Pete Hoida, New Paintings is at the APT Gallery, Harold Wharf, Creekside, London SE8 4SA, 11 – 21 July 2019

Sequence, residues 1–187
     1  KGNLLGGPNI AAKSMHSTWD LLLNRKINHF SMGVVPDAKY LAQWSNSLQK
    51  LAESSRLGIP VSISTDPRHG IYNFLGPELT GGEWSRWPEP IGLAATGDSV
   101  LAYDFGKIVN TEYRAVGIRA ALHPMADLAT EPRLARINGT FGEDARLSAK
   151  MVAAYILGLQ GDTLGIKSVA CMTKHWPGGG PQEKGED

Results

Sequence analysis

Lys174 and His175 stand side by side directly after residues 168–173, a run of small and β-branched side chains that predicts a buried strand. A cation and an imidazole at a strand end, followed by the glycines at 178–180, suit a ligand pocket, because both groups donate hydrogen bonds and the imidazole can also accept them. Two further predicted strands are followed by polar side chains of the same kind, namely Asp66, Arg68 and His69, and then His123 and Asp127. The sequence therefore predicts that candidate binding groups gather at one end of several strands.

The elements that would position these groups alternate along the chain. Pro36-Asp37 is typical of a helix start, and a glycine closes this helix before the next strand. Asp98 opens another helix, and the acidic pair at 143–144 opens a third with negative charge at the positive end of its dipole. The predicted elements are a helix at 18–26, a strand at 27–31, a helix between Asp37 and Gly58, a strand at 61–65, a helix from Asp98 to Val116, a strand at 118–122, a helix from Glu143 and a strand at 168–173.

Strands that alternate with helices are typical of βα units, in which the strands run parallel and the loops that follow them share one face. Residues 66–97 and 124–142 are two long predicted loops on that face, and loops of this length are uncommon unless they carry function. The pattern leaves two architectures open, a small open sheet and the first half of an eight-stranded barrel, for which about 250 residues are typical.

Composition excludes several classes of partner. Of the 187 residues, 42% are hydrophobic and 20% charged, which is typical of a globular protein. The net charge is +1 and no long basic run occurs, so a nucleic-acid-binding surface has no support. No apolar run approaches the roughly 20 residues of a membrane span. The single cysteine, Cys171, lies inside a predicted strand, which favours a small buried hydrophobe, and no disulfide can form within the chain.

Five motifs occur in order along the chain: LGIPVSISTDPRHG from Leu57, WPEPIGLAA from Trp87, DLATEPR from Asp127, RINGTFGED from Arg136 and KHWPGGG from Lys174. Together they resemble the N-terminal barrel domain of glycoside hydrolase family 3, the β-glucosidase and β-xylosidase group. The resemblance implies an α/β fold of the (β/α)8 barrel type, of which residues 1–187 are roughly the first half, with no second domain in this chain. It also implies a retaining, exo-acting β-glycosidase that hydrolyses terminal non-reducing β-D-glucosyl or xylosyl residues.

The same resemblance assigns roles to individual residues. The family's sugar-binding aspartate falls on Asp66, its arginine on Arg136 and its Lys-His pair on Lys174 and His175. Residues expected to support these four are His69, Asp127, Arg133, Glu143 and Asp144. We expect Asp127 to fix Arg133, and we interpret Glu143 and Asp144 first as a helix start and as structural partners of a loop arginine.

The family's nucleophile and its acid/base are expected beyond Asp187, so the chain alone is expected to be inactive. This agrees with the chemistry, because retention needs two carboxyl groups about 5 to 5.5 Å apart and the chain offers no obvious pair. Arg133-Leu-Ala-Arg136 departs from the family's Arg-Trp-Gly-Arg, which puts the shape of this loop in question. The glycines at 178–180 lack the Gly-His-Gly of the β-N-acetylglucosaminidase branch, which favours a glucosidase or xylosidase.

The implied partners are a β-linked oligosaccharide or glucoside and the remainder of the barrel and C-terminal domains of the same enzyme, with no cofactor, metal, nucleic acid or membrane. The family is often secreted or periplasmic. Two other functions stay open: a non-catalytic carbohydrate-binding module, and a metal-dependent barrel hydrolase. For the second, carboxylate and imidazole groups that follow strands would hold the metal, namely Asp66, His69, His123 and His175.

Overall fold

In the 1950s, painter and critic Patrick Heron wrote about the artist Ivon Hitchens. There he noted a tendency in England to understand painting ‘primarily in terms of literature’, to respond first to ‘atmosphere’ rather than ‘pictorial qualities’, and to prefer realism or the theoretical nature of constructivism over the ‘sensuous’ tradition of Fauvism and Cubism. Hitchens, for Heron, was a rare instance of a British painter able to look the French sensualists in the eye. In addition, his painting was the most ‘distinguished’ British example of what Heron described as the ‘necessary fusion’ of the two main sources for any artist: ‘art and nature’, international and local.1 With pleasing alliteration, much of what Heron wrote of Hitchens can be applied to Hoida.